Safety check for crop with 'foreign' genes: Approval sought for 'altered' oilseed rape

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The Independent Online
GOVERNMENT advisers meet today to decide whether a genetically engineered crop plant is safe enough to go on sale.

If the committee clears the new type of oilseed rape it will be the first such artificially altered crop to be approved for the British market, changing the scale of genetic crop development from small experimental plots to mass production.

This has alarmed environmental campaigners, who argue that little is known about the effect 'foreign' genes in crops will have when the engineered plants that carry them are planted en masse. The rape plants could cross with wild plants, transferring their genes and risking the spread of herbicide resistance to weeds.

Julie Hill, director of the Green Alliance and member of the Advisory Committee on Release to the Environment (Acre), which will consider the proposal, said: 'Greenpeace is highlighting concerns that Acre has known for a long time it would have to deal with, once such engineered plants moved from research to commercialisation, because at this point the inserted genes will almost certainly be spread in the environment.'

The new plants, created by Plant Genetic Systems, (PGS) a Belgian biotechnology company, have extra genes taken from tobacco and four bacteria. The male plants of the line are engineered to be sterile, preventing further cross-breeding.

One of the foreign genes makes the plants resistant to a herbicide called Basta. The plants also carry a gene that renders them resistant to an antibiotic.

Oilseed rape is the bright yellow crop used in margarine, vegetable oil, detergents and animal feed.

Greenpeace objects to the use of resistant crops which it claims tie farmers into using harmful chemicals. But Dr Anne-Marie Bouckaert, director of the technology planning and protection division at PGS, has said that although one herbicide would be used more often, it would replace others which are more harmful to the environment.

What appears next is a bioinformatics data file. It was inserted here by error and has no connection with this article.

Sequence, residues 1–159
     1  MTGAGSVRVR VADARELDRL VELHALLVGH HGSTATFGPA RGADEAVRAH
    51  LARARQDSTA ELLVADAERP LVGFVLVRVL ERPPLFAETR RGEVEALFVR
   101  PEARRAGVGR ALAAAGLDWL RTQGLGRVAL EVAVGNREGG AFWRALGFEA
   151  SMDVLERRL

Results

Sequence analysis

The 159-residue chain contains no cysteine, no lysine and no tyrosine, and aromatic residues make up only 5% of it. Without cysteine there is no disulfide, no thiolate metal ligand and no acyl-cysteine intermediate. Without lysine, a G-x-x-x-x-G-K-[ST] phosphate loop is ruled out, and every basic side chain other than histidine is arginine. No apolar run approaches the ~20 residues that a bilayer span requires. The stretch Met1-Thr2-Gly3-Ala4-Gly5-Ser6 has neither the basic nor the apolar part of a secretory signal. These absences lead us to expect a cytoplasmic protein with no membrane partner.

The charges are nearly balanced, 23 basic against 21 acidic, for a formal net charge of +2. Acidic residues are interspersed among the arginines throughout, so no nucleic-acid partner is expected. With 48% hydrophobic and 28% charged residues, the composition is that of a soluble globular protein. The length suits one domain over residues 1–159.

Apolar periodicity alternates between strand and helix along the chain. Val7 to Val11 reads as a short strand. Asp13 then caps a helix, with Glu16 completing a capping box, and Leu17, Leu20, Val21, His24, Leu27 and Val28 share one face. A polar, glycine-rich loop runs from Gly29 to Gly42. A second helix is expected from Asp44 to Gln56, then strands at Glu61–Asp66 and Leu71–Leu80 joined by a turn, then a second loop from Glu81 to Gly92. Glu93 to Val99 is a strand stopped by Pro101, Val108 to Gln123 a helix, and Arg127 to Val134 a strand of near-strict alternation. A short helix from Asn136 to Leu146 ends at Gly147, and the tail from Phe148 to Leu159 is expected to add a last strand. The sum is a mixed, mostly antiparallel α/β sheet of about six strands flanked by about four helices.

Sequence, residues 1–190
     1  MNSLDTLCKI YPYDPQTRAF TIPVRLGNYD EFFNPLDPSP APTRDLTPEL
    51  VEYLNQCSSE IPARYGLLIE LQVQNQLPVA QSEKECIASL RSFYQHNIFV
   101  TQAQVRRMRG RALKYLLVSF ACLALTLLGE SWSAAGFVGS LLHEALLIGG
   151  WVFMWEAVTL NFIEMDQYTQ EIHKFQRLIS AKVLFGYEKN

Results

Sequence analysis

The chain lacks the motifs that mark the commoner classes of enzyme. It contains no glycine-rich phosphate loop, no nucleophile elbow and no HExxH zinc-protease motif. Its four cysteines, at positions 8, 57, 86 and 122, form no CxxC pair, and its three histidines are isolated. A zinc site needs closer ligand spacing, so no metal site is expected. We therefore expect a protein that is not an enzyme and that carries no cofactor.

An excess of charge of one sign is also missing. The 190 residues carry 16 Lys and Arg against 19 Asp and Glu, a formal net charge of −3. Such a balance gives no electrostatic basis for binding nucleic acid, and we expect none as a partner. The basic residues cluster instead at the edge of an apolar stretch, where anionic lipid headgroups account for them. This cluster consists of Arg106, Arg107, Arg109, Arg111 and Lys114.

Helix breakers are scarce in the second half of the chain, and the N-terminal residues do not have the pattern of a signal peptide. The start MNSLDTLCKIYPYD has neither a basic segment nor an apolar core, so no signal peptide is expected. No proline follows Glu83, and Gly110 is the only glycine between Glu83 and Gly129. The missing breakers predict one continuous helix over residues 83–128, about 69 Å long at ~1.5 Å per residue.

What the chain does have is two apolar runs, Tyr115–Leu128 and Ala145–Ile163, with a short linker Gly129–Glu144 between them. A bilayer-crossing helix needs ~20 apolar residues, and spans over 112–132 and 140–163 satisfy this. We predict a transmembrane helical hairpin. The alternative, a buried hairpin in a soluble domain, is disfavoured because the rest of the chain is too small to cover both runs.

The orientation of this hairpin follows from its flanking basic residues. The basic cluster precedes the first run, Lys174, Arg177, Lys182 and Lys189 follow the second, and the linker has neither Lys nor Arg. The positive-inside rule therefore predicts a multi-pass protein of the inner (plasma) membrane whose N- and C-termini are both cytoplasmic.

Greenpeace is also unhappy because conferring Basta resistance on crops involves adding only a single gene. The anxiety is that this increases the likelihood of the gene 'escaping' and passing into other species via pollen.

Dr Bouckaert has said cross-pollination between wild species and cultured crops occurs in very few cases. The fact that the Basta transformation involved only one gene would make it easier to track the gene if it jumped into other species.

The PGS oilseed rape has already raised objections from those opposed to patents on life. In 1990, the European Patent Office granted PGS a patent on its Basta-resistant oilseed rape - the first it had granted on a herbicide-resistant crop.

Opponents also have economic objections. They point out that the Basta herbicide is manufactured by Hoechst, sold in the UK as Challenge. PGS has granted Hoechst exclusive rights to exploit its resistant crops, and environmentalists argue that this type of 'monopoly' control over genetic resources should not be trusted to any individual, and certainly not to a multinational corporation.

But PGS says Hoechst is not a seed company, so is not yet in a position to set up a full monopoly - selling both herbicide-resistant seed and the herbicide.